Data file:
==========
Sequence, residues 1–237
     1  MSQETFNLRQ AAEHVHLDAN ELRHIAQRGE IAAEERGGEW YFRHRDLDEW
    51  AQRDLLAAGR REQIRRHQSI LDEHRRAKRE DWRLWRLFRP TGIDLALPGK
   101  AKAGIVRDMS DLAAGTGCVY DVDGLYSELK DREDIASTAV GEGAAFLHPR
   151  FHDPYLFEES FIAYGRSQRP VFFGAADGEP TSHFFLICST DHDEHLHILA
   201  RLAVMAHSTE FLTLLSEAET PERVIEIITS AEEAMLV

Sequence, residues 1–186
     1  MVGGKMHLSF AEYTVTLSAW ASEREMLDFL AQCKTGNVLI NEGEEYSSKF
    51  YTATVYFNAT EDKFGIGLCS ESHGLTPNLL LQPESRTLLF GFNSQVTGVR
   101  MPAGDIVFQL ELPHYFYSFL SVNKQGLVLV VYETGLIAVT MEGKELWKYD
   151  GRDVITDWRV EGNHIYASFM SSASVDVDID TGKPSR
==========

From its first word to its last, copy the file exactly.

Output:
Sequence, residues 1–237
     1  MSQETFNLRQ AAEHVHLDAN ELRHIAQRGE IAAEERGGEW YFRHRDLDEW
    51  AQRDLLAAGR REQIRRHQSI LDEHRRAKRE DWRLWRLFRP TGIDLALPGK
   101  AKAGIVRDMS DLAAGTGCVY DVDGLYSELK DREDIASTAV GEGAAFLHPR
   151  FHDPYLFEES FIAYGRSQRP VFFGAADGEP TSHFFLICST DHDEHLHILA
   201  RLAVMAHSTE FLTLLSEAET PERVIEIITS AEEAMLV

Sequence, residues 1–186
     1  MVGGKMHLSF AEYTVTLSAW ASEREMLDFL AQCKTGNVLI NEGEEYSSKF
    51  YTATVYFNAT EDKFGIGLCS ESHGLTPNLL LQPESRTLLF GFNSQVTGVR
   101  MPAGDIVFQL ELPHYFYSFL SVNKQGLVLV VYETGLIAVT MEGKELWKYD
   151  GRDVITDWRV EGNHIYASFM SSASVDVDID TGKPSR